I am writing a third devotional from Acts 16. Today we will look at the question of freedom. Freedom is one of the key words that describes America, but many who live in this land of freedom are not truly free. We will look at three types of slavery (bondage), physical, spiritual, and emotional.
We see first the case of the slave woman. She was following Paul and company around and had become an irritant to Paul. Who was she? The NASB describes her: “a slave woman who had a spirit of divination … who was bringing great profit to her masters by fortune-telling.” She was obviously a physical slave. The Expanded Bible explains her spiritual bondage: “She had a special spirit [spirit/demon of divination/prediction; Python spirit; Python was the serpent god that guarded the Delphic oracle; the term came to be used of the ability to predict the future].”
According to Greek mythology, the god Apollo came to Delphi from Crete. There he killed a dragon named Python who guarded the area. He became Apollo the Pythian and was worshiped at Delphi. Since he was the god of prophecy, he established the Oracle of Delphi to tell the future to his followers. If this only confuses you, then you get my point! What is obvious is this woman was a spiritual slave to a demonic spirit, to whom Paul said: “‘I command you in the name of Jesus Christ to come out of her!’ And it came out at that very moment” (16:18). Jesus, Himself the only true God, has power over all the spiritual powers of darkness!
What this evil spirit was saying about Paul indicates another form of spiritual slavery: “These men are bond-servants of the Most High God, who are proclaiming to you a way of salvation” (16:17). The word rendered “bond-servant” by the NASB is in reality “douloi” in Greek, or “slave.” This spirit, a slave of darkness, recognized that Paul was a slave of “the Most High God.” Paul described this divine slavery in Romans 6:17-18: “Thanks be to God that though you were slaves of sin, you became obedient from the heart to that form of teaching to which you were entrusted, and after being freed from sin, you became slaves to righteousness.”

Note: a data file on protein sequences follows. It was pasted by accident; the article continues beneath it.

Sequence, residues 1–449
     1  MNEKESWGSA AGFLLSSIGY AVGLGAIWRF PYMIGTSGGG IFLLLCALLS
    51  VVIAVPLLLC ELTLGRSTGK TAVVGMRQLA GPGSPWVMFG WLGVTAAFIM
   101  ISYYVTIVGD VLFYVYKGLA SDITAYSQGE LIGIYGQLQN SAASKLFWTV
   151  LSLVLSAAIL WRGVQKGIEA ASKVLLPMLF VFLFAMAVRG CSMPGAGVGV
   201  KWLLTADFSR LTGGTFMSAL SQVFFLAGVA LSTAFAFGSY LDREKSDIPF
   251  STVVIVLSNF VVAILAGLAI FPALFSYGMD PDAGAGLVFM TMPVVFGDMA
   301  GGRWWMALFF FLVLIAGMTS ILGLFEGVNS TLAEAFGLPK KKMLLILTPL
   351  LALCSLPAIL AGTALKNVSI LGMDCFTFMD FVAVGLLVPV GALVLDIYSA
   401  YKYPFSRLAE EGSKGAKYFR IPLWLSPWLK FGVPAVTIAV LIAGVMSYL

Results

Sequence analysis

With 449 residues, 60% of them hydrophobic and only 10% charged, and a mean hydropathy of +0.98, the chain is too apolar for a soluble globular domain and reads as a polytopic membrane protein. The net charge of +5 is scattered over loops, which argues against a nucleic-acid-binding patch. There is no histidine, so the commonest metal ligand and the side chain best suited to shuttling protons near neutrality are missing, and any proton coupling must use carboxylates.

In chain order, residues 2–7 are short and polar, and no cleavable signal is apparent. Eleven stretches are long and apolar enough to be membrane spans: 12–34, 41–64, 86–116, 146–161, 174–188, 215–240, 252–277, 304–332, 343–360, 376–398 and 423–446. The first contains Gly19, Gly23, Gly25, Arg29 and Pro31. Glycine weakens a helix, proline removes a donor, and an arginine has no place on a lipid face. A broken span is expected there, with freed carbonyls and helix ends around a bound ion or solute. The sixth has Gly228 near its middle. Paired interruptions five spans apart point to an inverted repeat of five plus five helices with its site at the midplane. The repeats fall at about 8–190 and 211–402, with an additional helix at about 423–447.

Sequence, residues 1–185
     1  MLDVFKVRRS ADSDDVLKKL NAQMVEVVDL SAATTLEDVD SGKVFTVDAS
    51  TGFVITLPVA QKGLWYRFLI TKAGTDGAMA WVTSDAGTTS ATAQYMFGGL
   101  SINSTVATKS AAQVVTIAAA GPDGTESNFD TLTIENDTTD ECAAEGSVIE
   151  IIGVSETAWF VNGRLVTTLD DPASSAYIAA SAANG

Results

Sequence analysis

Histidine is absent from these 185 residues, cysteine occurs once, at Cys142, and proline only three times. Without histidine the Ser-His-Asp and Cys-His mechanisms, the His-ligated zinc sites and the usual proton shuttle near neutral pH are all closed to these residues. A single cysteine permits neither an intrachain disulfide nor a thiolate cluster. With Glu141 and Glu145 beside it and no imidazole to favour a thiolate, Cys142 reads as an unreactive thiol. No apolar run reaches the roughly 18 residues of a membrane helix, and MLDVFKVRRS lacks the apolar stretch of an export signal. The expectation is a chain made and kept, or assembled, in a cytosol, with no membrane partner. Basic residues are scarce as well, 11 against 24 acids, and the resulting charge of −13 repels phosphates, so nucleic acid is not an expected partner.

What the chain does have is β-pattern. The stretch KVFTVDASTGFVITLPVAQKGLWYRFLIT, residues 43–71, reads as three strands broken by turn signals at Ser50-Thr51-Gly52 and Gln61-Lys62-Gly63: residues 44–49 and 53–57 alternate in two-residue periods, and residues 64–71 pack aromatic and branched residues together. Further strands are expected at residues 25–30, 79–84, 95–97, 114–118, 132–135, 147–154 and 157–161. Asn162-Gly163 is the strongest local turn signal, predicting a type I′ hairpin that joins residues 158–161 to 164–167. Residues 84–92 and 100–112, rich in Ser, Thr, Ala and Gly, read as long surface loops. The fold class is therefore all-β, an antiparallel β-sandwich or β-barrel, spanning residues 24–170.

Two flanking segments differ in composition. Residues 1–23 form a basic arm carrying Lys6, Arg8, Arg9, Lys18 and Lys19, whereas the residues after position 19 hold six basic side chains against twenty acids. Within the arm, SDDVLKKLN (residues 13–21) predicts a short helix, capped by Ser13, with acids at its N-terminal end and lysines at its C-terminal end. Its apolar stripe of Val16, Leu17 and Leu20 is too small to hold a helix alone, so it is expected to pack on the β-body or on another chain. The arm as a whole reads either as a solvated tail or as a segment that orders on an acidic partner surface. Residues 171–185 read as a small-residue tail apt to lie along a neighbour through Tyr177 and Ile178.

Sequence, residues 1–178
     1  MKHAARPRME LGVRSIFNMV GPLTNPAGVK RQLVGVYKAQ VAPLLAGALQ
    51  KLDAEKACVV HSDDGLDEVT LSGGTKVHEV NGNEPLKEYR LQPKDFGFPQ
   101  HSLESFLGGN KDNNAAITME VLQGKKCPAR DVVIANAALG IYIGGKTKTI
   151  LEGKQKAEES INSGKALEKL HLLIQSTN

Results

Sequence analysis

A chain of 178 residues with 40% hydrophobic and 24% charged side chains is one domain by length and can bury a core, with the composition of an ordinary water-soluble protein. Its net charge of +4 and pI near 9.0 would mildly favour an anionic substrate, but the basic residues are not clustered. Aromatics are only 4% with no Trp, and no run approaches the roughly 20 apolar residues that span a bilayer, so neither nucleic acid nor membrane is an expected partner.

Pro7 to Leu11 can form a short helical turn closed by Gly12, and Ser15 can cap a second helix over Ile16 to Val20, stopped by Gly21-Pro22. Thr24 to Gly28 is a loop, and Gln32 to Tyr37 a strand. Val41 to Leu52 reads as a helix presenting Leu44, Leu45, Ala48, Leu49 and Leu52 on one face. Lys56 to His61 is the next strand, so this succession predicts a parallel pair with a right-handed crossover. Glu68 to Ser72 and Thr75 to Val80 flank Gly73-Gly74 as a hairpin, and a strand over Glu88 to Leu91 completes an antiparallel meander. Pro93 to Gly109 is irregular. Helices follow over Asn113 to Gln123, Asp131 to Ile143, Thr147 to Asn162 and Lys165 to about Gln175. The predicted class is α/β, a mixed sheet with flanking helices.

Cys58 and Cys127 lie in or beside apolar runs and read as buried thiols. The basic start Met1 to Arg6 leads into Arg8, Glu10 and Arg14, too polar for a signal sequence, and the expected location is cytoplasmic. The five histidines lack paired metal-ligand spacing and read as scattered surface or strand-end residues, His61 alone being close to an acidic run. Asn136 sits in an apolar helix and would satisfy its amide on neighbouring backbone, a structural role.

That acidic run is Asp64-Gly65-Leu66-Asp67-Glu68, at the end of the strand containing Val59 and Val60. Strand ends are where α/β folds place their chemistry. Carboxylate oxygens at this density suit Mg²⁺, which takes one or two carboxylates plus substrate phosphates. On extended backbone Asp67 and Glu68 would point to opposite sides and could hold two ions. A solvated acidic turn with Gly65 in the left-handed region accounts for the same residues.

Paul and Silas experienced physical bondage when they were put into the Philippi prison. They would be liberated by God’s miracle through an earthquake, but even before Paul was physically freed, he proved that he was no slave of darkness. The jailer had “put them in the inner cell and fastened their feet in the stocks.” They spent a long night in darkness bemoaning their unjust fate—NOT! Luke gave proof of their spiritual and emotional freedom even in the face of their physical bondage: “About midnight Paul and Silas were praying and singing hymns to God” (16:24-25).
Our last case study is the jailer. He was physically free, on the outside of the prison. But when he saw that the earthquake had opened all the prison doors, he proved his emotional bondage to a corrupt Roman system. He was ready to kill himself rather than face those who would hold him accountable. Then Paul and Silas spoke these words and his life was changed forever: “Believe in the Lord Jesus, and you will be saved—you and your household” (16:31). He exchanged his spiritual and emotional bondage for this truth: there is a “freedom” (in sin) that enslaves, and there is a slavery (in Christ) that sets one free! Hear it in Jesus’s own words: “You will know the truth, and the truth will set you free … if the Son sets you free, you really will be free” (Jn. 8: 32, 36).
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